Thursday, 6 December 2007

El Portero Esta Loco

Goalkeepers are a strange bunch. Growing up playing park football, those who would willingly spend some time between the sticks were either maniacs, overweight kids who could not play outfield, or unpopular kids, desperate to play some sort of part in the game. The one thing that all of these children had in common was a general lack of technical skill with a ball at their feet.

In Latin America, things are done slightly differently. This year’s Guinness Book of Records included, for the first time, a section for the highest scoring goalkeeper of all time. The record is held by the Brazilian goalkeeper Rogerio Ceni, whose tally of sixty-six goals between 1997 and 2006 has displaced the previous record holder, Jose Chilavert of Paraguay, who finished his career on sixty-two goals.

Jorge Campos, the former Mexican national goalkeeper, also figures highly on the list, having made a career out of his ability to play both as a keeper and as a striker should his team need him. It was as a striker that he first got a regular starting berth with Pumas, scoring fourteen goals in the 1989/1990 season, before being made first-choice goalkeeper for the following year’s championship victory. He finished his playing days on thirty-five goals.

A lot of the Latin American dominance of goalkeeper scoring has to do with their more open, technical approach to football, which lends itself to keepers getting involved with the taking of attacking set-plays. In addition, flamboyance is pretty much a pre-requisite for any Latin American goalkeeper. Despite this, Rogerio Ceni has admitted that he received some funny looks when he first raised the idea of taking free-kicks at Sao Paulo. He told their then goalkeeper Zetti that he would be the first keeper to score a free-kick for Sao Paulo and duly obliged on the 15th February 1997, scoring against Uniao Sao Joao, having struck the crossbar the previous week against Flamengo.

It was the excellent free-kick work of Ceni and Jose Chilavert that gave more acceptance to the idea that goalkeepers could play a vital role at the other end of the pitch. Chilavert became the first goalkeeper to take a direct free-kick in a World Cup game, for Paraguay against Bulgaria at the 1998 World Cup. He was also the first goalkeeper to ever score a hat-trick, when he scored three penalties in Velez Sarsfield’s victory over Ferro Carril Oeste in 1999.

In European football there is much less openness to the idea of goalkeepers taking set plays, such as free-kicks or penalties, because the risks if they miss are too high. It is only when you look much further down the list that European goalkeepers start to appear and even then, it is only really Peter Schmeichel that is of any particular note, having scored eleven goals. The solitary situation where goalkeepers usually get a chance to score in Europe is in the dying moments of a game, when their manager may allow them to come up for a corner or free-kick to try and cause confusion in the opposition penalty area.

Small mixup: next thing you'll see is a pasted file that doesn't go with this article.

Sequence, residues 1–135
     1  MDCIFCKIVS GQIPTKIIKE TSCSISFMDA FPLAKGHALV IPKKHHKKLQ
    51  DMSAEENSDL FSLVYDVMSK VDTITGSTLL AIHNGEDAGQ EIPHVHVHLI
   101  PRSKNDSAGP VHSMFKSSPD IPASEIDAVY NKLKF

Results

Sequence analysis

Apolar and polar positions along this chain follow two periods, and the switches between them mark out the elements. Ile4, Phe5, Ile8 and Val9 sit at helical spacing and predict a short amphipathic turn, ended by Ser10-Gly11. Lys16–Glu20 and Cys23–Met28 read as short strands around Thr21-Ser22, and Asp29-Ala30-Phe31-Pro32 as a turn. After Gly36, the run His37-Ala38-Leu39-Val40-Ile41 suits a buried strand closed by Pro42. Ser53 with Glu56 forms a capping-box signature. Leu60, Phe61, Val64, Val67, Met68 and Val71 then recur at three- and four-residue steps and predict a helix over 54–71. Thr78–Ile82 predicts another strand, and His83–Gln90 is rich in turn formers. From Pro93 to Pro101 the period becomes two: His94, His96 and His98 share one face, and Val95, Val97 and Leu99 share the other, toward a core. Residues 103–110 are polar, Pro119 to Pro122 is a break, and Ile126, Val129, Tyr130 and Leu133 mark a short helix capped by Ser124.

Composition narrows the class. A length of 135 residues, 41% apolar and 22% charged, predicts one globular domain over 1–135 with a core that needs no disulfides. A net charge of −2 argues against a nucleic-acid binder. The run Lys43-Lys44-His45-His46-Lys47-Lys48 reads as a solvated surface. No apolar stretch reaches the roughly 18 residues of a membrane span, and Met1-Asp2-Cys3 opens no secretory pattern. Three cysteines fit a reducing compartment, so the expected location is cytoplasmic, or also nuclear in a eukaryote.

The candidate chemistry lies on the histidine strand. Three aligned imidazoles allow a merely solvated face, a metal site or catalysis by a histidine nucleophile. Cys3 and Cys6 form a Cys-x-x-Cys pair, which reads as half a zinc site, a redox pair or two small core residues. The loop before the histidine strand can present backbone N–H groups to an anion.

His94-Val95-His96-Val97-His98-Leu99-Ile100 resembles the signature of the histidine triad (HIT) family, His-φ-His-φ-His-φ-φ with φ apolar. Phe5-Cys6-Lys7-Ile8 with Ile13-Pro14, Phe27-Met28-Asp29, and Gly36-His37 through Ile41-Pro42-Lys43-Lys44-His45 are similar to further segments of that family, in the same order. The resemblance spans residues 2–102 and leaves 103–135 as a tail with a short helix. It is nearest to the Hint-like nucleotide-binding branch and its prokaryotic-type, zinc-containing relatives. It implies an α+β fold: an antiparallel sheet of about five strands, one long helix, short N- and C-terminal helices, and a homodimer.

The fact that European clubs only tend to use goalkeepers as a last desperate attempt to get a much-needed goal usually dictates that when they do score, it is of massive importance to their side. The most famous example is probably Jimmy Glass, whose goal ten seconds from time in the last game of the 1998/99 season saw Carlisle avoid relegation and the likely financial uncertainty that would have followed their demotion to non-professional football.

Also worthy of mention is Sevilla goalkeeper Andres Palop, whose headed goal in injury-time took their UEFA cup game against Shakhtar Donetsk into extra time. Sevilla won the game in the extra period on the road to lifting the 2007 trophy.

These occasions are more than rare, especially in the top European leagues such as England, Italy or Spain. In England, there have only ever been three goals scored by goalkeepers in the Premiership, the most recent of these being Paul Robinson’s goal for Tottenham against Watford last season.

With the increasing globalisation of football, it would be a shame to see Ceni as the last of a generation of Latin American goalkeepers who have proved to be just as proficient with the ball at their feet as they have with it in their hands. Although it is unlikely that the practice of goalkeepers taking attacking set-plays will ever take on in Europe, one would hope that in Latin America the tradition will continue, as it is certainly one of the more interesting unique asides offered by football in the region.

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